TopicModel.predict(dataset, output_type='assignment', num_burnin=None)

Use the model to predict topics for each document. The provided dataset should be an SArray object where each element is a dict representing a single document in bag-of-words format, where keys are words and values are their corresponding counts. If dataset is an SFrame, then it must contain a single column of dict type.

The current implementation will make inferences about each document given its estimates of the topics learned when creating the model. This is done via Gibbs sampling.

dataset : SArray, SFrame of type dict

A set of documents to use for making predictions.

output_type : str, optional

The type of output desired. This can either be

  • assignment: the returned values are integers in [0, num_topics)
  • probability: each returned prediction is a vector with length num_topics, where element k represents the probability that document belongs to topic k.
num_burnin : int, optional

The number of iterations of Gibbs sampling to perform when inferring the topics for documents at prediction time. If provided this will override the burnin value set during training.

out : SArray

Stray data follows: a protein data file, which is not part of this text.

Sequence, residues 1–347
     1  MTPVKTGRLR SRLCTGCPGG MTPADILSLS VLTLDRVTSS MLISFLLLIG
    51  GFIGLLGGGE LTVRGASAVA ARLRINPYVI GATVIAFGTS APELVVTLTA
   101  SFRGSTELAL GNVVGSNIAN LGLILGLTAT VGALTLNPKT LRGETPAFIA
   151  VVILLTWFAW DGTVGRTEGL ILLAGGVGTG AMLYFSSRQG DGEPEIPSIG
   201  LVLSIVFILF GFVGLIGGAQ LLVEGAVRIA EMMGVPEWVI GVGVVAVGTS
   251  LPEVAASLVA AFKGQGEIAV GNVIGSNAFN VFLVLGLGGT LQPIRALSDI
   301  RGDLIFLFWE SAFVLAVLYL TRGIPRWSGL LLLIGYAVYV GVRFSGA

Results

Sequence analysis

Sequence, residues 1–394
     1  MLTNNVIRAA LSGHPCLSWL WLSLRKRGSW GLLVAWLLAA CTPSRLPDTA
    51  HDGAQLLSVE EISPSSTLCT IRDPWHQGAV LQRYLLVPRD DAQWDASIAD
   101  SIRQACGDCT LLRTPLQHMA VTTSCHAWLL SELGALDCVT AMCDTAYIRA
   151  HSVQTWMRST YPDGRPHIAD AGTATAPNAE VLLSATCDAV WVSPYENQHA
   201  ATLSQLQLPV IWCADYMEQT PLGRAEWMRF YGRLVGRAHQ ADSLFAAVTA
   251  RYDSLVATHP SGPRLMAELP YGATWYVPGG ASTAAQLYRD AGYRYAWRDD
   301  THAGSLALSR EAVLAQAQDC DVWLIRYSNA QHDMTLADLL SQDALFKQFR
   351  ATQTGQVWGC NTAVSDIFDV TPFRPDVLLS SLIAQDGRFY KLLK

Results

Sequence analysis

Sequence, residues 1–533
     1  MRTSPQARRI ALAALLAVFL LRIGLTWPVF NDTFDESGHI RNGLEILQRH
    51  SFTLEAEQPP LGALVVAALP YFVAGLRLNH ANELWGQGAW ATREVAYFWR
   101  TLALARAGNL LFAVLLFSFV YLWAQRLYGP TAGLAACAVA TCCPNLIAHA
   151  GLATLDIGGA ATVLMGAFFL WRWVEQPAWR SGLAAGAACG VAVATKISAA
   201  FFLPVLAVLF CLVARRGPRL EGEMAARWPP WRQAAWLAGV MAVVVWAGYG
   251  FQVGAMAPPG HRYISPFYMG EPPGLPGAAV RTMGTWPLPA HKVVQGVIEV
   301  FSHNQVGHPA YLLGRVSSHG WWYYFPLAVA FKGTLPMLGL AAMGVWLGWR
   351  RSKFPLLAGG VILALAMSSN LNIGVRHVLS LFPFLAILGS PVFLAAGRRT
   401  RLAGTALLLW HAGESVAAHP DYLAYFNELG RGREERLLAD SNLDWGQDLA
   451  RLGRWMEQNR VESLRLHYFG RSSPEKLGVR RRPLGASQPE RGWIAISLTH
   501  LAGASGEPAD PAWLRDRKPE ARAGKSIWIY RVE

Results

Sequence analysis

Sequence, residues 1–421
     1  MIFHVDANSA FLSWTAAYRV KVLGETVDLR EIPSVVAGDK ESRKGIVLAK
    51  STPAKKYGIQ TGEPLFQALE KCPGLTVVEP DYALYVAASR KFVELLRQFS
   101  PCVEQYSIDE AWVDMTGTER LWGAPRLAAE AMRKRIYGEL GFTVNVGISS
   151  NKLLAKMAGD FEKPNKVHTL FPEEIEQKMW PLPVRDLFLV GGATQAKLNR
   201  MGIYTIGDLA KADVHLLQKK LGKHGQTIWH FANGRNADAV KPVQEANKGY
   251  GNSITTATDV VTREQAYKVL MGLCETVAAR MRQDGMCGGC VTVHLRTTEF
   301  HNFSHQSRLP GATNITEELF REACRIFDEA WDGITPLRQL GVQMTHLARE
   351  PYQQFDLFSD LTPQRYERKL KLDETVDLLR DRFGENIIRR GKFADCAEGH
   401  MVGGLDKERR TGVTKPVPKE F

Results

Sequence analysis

See also



For each unique word w in a document d, we sample an assignment to topic k with probability proportional to

\[p(z_{dw} = k) \propto (n_{d,k} + \alpha) * \Phi_{w,k}\]


  • \(W\) is the size of the vocabulary,
  • \(n_{d,k}\) is the number of other times we have assigned a word in document to d to topic \(k\),
  • \(\Phi_{w,k}\) is the probability under the model of choosing word \(w\) given the word is of topic \(k\). This is the matrix returned by calling m[‘topics’].

This represents a collapsed Gibbs sampler for the document assignments while we keep the topics learned during training fixed. This process is done in parallel across all documents, five times per document.


Make predictions about which topic each document belongs to.

>>> docs = turicreate.SArray('https://static.turi.com/datasets/nips-text')
>>> m = turicreate.topic_model.create(docs)
>>> pred = m.predict(docs)

If one is interested in the probability of each topic

>>> pred = m.predict(docs, output_type='probability')